It has been nearly 6 months since we have seen GR2 and she is looking good. We dragged ourselves away from our delightful Grand kiddies and took the long haul to Kansas City via Sydney & Dallas. Unfortunately our flight arrived after the caves where we stored GR2 had closed for the night, so we were forced to stay in a hotel. Managed to get a cheap one through our timeshare. Close to the airport, free transfers & breakfast thrown in. But nothing quite beats being back in our own little Casa Rondonte or House on Wheels. Before we know it I have unpacked our bag (yes only one this time – no Isuzu parts) and John has got the batteries all connected. Off to the repair shop to pick up our reconditioned driveshaft before hitting the road. No plans to stay around here too long, we saw on the news last night that a twister hit across State and I have no real desire to photograph one.
After loading up with groceries in Topeka we hit the back roads. We are following a few of the scenic routes found on a local brochure. The first is The Native Stone Scenic Byway. Incredibly green – there has been lots of rain recently, and with stone walls, stone cottages etc – of course! Near the end of the day we stop at the dead old town of Eskridge to take a few photos & an old guy offers us a Kansas plate (as you know we have a huge collection of them attached to our vehicle – but only places we have been). It ends up as a tour of his old building & a suggestion of where to camp. So we stop by a cute lake for the night. After dinner we are treated to an amazing lightening display followed by a huge storm. In the morning we are surrounded by tree branches – fortunately none on our solar panels.
The next scenic byway is the Flint Hills. The first stop being the Tallgrass Prairie National Preserve with its gorgeous old barn & mansion. Oh and tallgrass. It has never been ploughed as it is so rocky underneath. Would look amazing in autumn when it is 5ft tall. We just missed the bus trip through the prairie, but the ranger tells us there is another reserve south in Oklahoma that we can drive through and see the bison roaming free. So on we roll through little old towns that are all dying away. First Strong City & then Cottonwood Falls where we stop to look through the amazing old courthouse with a prison right behind the court room. Then the falls of course. Continue south through a huge storm with rain lashing down. By the time the clouds have rolled away we are passing a huge camping area at El Dorado Lake. There is space tonight, but it is fully booked over the upcoming long Memorial Day weekend. It is still a bit early so we continue on stopping at the lovely old town of Eureka before stopping for the night beside Old Town Lake near Sedan. Lovely & quiet, with a few deer running around.
This morning we leave Kansas & head in to Oklahoma “Where the wind comes sweeping down the plain….” We are looking for the Tall grass which we finally locate in the Osage Indian Reservation. Actually there are also a whole lot of oil wells – but that story comes later. First the Tall grass. And yes we can drive right through herds of bison, with their new babies, and lots of swaying tall grass. Finally we head out some back tracks on to the large town of Bartlesville – not on our plan, but there is a free petroleum museum there (Did you hear the word free – one of John’s favorite!!) This town is home of the huge Phillips Petroleum empire – now merged with Conolco. As we roll in we see heaps of oil wells then the massive plant. But first stop is the impressive Price Tower where we head to the top for views of town. Can’t resist staying for lunch. Then the Phillips Petroleum Company Museum, where we spend a few happy hours reading all the information – hopefully some has stuck in my head. By now it is too late to go to any more museums so it is simply a drive by of Phillips mansion & another rather gorgeous old house before heading out of town to the State Park conveniently located beside a lovely lake. Of course all the camp sites are full over the long weekend, so we ask a helpful ranger and he tells us a quiet spot to hide away.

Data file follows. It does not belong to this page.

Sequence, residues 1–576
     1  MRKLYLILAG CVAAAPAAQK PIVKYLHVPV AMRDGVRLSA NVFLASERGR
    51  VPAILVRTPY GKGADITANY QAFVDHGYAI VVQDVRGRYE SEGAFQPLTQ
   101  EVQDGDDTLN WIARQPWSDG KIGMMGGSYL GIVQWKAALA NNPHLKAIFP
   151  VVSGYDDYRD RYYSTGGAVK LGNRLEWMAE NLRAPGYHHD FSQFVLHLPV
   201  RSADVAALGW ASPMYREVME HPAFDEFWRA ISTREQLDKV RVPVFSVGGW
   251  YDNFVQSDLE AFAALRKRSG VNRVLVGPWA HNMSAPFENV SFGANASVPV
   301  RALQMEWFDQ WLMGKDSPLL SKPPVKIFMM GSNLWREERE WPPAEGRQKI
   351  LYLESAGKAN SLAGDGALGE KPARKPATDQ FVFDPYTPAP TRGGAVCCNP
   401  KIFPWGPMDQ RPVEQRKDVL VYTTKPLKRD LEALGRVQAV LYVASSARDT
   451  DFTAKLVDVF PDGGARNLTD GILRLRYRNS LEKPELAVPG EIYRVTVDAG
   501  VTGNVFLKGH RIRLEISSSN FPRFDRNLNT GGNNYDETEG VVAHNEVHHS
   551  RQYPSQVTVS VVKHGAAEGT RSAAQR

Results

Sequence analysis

Saturday morning is earmarked for the world famous Woolarac (Well Oklahoma famous anyway). This was Phillip’s private ranch, zoo & museum. Lovely grounds with quite a few animals, awesome museum with some amazing Indian pictures that John is not interested in, more oil memorabilia and the ranch house chook full of stuffed heads – rather grisly I thought – but apparently they had all died in his zoo!!
Again time to hit the road. Traffic is quiet for the long weekend, making it perfect to drive through the centre of cities. So we head through the art deco city of Tulsa – rather underwhelming, then the old town of Guthrie. After that we decide to simply bypass Oklahoma City and carry on our route. It is getting late so John checks his camping app. There is free camping at the casino near El Reno – so we head there. A row of spots with picnic tables, water & even electricity – all free. Wow. Naturally there are a few others there – and we are in time to head off to watch a local Indian dance competion with them. Picture this: a huge packed room, in the centre a large circle of musicians beating drums. Around the perimeter chairs full of mainly Indian people, many in full costume & then crazy foot stomping’ twirling dancers. And the costumes – less is never better – more, much more is best. After an hour or so our heads are aching & I am starving. We didn’t have time for dinner before we left.